Hiring Managers Should Recruit Their Own Talent

Posted February 17, 2017 by The Metiss Group
Categories: Leadership, Selection

It wasn’t long ago that most leaders had assistance booking their travel, typing their memos, and printing and copying their reports.  Now, with today’s technology, most leaders book their own travel on-line, type their own memos, and have high-speed laser printers for printing their reports.  It’s time for leaders to use technology to do their own recruiting as well.

Today, just like in the days of having assistants typing memos, most leaders seek assistance recruiting their next hire – typically from HR.  These HR experts, while well intentioned, are working with some handicaps.  They typically don’t know exactly where the industry or profession-specific experts are to be found, and if they find the superstars they typically aren’t given access because they lack the credentials to “enter the fold.”  If they do get access to an industry or professional group (online or in person), the passive candidate superstar wants to talk to the industry expert to understand what might be alluring about the work being done in the department with the vacancy, not the HR person.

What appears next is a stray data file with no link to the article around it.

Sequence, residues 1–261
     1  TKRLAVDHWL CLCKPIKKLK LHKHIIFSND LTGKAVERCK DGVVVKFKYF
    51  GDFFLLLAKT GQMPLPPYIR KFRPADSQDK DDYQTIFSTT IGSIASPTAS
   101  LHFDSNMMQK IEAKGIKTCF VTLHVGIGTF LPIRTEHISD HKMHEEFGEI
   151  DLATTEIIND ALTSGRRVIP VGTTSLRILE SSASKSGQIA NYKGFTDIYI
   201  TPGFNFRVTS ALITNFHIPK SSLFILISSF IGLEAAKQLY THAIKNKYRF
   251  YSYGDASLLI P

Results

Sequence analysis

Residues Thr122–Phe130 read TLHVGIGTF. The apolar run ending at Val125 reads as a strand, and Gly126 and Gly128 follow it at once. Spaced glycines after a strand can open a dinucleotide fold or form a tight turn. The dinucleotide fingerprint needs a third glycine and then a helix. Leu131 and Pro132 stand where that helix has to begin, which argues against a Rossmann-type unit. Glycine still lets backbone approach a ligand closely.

College athletic coaches understand this the best.  When they recruit superstars, they personally contact the recruit, meet with them, and pitch them and their family on joining their team.  College coaches do not rely on someone from the admissions office to recruit their talent.  Hiring manages shouldn’t either.

There are many easy to use technological resources for leaders to recruit their own talent.  Aside from the common job boards, industry sites, and LinkedIn are often inexpensive ways for effectively reaching passive job-seeking superstars.